The Strategies
I can whine and moan as much as I want about the weather (and I do), but I still have another two and a half year before I finish my degree (yay for being half way!), and as much as I hate the weather, I just have to put up with it. I have developed a number of strategies for coping with winter, ranging from my favourite new coat to endless cups of hot chocolate. I have some wonderful Peter Alexander flannelette pyjamas that make getting up at 6am much easier, and a few weeks ago I finally caved in and bought my first pair of track pants. They are so warm and fluffy, and when they are tucked into my fluffy boots, they are absolutely wonderful! I have found that it is the little things that make a big different when it comes to brightening up my winters, and hopefully these little things will see me through to the other side. A side full of sunshine and flowers and colour! I hope you enjoyed reading this little ramble, and that winter isn’t treating you too badly (if you live on the other side of the world and are enjoying being warm – I am insanely jealous). At least there are only a few months to go!


I Made A Thing!

Ever since I was a child, I have known my mother could sew and have wanted to learn. Mum was sewing when she was a child on my grandmother’s Singer, and mum made me wonderful clothes and costumes when I was little. I took sewing classes when I was younger, but the lessons weren’t quite what I had hoped. I wanted to learn how to read a pattern; how to make alterations and sew a zipper. I decided it was time that I learn how to sew again, and while I was home mum took it upon herself to teach me!

My sewing adventures started with a very excited trip to Spotlight, the haberdashery megastore. We rifled through pattern book after pattern book, and finally settled on a Vogue pattern for a knee length black skirt made out of a lovely black cotton. My lessons started as a language lesson; patterns are written in a language of their own, and mum had to teach me what the various squiggles and dots meant. The skirt is very full, so there was a lot of material that had to be cut. Figuring out what “the right side of the fabric” meant was one thing; trying to figure out which of the two nearly-identical sides was the right one was another matter!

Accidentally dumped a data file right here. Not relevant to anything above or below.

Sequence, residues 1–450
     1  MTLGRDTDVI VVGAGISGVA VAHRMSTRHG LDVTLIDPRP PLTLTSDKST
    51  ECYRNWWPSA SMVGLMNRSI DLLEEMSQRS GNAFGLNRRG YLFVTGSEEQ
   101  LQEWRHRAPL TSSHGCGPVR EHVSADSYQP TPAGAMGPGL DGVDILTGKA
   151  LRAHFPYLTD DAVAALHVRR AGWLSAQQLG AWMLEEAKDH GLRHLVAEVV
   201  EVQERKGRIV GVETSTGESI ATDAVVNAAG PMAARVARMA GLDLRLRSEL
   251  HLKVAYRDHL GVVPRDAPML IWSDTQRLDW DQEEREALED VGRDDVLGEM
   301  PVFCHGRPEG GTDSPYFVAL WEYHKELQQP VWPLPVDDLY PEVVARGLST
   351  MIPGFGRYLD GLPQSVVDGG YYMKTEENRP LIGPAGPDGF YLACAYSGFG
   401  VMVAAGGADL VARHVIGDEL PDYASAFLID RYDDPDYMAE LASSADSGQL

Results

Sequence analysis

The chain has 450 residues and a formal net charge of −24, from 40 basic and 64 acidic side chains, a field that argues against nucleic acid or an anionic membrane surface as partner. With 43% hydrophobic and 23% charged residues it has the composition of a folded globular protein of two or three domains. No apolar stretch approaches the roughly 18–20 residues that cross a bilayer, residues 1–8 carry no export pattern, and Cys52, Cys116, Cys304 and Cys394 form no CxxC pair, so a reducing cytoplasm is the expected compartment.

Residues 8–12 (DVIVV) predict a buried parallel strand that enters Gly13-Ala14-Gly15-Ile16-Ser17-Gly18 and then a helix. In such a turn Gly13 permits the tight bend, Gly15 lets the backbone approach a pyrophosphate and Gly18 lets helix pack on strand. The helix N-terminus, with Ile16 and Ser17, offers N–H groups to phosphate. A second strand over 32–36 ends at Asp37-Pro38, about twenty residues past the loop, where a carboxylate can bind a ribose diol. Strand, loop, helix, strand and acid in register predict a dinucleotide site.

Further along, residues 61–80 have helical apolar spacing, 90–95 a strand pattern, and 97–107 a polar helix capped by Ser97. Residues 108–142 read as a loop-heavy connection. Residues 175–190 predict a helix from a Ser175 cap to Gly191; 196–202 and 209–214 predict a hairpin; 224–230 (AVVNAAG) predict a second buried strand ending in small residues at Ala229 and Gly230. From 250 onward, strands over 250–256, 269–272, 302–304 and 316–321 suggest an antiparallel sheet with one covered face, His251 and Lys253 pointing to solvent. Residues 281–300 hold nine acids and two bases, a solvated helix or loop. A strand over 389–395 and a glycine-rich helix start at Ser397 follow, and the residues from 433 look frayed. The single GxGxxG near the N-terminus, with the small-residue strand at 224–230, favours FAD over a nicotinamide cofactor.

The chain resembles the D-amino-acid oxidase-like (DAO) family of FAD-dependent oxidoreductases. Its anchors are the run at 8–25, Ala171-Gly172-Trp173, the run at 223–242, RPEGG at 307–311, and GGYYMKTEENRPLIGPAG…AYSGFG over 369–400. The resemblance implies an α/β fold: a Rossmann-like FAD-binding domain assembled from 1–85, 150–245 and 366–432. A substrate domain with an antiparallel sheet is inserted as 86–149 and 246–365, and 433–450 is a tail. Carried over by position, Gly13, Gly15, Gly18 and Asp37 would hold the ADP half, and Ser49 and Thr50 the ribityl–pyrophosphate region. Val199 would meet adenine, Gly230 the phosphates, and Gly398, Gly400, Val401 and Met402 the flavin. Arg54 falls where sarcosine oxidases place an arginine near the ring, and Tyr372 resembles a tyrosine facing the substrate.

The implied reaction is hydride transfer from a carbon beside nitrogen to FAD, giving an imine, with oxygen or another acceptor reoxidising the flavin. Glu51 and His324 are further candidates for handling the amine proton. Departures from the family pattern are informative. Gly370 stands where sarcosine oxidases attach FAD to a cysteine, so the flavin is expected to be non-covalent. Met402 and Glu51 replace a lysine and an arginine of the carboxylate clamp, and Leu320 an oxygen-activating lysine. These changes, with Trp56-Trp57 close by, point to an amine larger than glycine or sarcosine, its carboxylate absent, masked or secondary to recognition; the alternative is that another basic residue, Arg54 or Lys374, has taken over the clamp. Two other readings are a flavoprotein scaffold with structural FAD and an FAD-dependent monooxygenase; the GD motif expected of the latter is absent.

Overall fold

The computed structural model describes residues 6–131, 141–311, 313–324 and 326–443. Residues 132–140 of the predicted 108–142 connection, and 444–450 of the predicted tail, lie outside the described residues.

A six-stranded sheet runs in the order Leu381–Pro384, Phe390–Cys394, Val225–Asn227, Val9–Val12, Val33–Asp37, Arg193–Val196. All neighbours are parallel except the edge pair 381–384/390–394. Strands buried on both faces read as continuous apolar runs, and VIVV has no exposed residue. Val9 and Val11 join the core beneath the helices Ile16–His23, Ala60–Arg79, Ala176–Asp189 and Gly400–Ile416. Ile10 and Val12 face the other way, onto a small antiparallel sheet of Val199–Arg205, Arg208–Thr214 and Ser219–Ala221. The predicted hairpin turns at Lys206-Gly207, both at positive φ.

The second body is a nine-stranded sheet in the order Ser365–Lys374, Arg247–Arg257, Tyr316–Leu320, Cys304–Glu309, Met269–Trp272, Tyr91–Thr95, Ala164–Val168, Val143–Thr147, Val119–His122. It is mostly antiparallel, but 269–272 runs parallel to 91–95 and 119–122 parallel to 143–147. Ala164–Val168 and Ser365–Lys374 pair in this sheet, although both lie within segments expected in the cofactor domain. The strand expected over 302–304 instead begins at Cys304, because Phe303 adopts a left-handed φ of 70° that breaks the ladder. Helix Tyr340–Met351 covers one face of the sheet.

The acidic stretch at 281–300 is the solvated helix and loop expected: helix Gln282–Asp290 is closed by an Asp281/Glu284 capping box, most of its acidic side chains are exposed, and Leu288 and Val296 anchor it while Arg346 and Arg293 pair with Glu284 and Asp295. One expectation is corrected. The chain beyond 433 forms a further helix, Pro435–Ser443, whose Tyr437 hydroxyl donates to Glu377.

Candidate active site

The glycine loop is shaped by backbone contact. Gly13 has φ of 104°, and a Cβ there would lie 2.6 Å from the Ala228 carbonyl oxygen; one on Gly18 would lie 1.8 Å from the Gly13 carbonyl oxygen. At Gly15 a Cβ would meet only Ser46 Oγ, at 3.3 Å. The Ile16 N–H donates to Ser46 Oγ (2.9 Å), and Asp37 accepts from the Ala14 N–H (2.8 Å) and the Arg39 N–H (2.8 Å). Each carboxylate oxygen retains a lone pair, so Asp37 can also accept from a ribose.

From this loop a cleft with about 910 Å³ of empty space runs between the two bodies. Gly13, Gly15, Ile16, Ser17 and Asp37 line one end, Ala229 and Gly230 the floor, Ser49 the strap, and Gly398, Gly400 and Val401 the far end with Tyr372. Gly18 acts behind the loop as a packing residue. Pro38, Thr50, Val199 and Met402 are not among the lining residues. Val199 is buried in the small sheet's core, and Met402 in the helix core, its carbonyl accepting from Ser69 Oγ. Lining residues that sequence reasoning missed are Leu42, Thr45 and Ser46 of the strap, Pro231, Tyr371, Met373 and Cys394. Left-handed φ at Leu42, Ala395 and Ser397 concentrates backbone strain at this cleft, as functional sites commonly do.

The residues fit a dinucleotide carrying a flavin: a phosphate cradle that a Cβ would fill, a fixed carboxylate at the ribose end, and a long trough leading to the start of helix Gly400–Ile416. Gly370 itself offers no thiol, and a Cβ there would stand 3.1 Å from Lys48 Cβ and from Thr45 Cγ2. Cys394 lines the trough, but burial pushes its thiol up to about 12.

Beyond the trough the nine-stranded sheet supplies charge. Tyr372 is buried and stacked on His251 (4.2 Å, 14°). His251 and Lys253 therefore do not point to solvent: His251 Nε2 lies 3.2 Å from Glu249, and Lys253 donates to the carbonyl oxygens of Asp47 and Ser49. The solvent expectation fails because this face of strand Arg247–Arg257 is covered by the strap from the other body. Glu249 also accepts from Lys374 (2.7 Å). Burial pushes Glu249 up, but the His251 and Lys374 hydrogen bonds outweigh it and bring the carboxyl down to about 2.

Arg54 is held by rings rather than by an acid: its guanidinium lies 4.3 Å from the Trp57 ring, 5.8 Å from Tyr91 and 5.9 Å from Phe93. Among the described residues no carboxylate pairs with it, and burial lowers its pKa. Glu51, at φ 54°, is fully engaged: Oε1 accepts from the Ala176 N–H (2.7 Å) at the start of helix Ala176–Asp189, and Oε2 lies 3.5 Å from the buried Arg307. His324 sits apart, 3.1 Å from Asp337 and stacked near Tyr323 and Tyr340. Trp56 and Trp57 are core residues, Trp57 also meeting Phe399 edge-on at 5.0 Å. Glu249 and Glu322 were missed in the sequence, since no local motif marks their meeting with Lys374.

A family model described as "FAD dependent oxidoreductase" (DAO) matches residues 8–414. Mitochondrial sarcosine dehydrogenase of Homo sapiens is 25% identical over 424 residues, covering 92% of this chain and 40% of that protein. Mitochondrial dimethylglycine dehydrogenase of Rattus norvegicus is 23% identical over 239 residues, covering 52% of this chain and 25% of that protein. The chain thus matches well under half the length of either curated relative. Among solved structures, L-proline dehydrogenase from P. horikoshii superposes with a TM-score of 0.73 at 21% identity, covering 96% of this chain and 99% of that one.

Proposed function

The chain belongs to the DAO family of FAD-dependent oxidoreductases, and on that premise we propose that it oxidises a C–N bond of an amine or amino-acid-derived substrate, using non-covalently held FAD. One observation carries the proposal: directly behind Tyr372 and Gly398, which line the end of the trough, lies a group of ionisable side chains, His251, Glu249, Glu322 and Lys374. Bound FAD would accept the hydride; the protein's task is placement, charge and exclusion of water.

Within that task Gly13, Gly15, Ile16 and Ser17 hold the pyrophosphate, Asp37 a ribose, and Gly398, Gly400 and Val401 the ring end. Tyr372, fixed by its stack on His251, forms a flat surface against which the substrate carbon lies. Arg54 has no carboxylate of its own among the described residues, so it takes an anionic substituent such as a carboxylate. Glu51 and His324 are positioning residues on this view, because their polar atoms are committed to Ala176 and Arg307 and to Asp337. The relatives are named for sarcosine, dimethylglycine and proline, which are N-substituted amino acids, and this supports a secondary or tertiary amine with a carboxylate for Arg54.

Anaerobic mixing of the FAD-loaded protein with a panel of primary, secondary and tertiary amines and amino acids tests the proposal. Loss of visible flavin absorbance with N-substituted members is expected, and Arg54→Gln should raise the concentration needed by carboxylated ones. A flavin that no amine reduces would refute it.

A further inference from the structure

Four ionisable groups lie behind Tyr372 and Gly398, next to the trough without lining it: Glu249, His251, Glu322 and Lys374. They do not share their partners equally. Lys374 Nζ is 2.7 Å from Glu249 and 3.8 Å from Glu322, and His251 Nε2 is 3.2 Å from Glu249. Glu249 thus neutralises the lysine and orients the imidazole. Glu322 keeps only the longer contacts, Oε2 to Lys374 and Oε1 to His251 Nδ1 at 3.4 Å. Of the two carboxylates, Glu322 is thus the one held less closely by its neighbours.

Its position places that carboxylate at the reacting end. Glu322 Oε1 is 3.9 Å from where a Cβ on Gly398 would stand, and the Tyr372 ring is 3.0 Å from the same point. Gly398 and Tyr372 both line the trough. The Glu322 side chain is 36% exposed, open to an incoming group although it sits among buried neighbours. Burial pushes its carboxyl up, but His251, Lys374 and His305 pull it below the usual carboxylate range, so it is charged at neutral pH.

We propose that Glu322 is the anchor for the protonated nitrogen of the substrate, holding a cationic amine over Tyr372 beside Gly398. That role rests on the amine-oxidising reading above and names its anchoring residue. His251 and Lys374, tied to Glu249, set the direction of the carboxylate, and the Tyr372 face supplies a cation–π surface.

After some fiddling with the sewing machine, which is old and rather uncooperative, the actual sewing commenced! Things went surprisingly smoothly much of the time, and when things were going well I found the sewing to be wonderfully relaxing. I love the sound of the sewing macing as it pounds away, and it makes me feel rather like a stylish young thing from the 1950’s making something special for myself!

As much as I enjoyed the sewing, I have to admit I found it hard at times. Perfectionism and an abundance of self criticism led to some extreme bouts of annoyance, but I got through them, and in the end I did enjoy myself. I successfully completed every stitch on the skirt bar the hem. We were running out of time before I left, so mum decided to take over the sewing while I started packing. A few alterations were also needed, which mum took charge of as well. I am still trying to master patterns, and I am nowhere near ready to try my hand at alterations yet!


In the picture above, I am wearing the skirt for placement at the hospital. I paired it with a Veronika Maine shirt, a Forever One blazer, and my ever-present Wittner boots! Please excuse the less-than-wonderful positioning of this photo. This is the closest thing to a blank wall in my room, and I am still practicing taking photos of myself on timer. But things can only get better from here!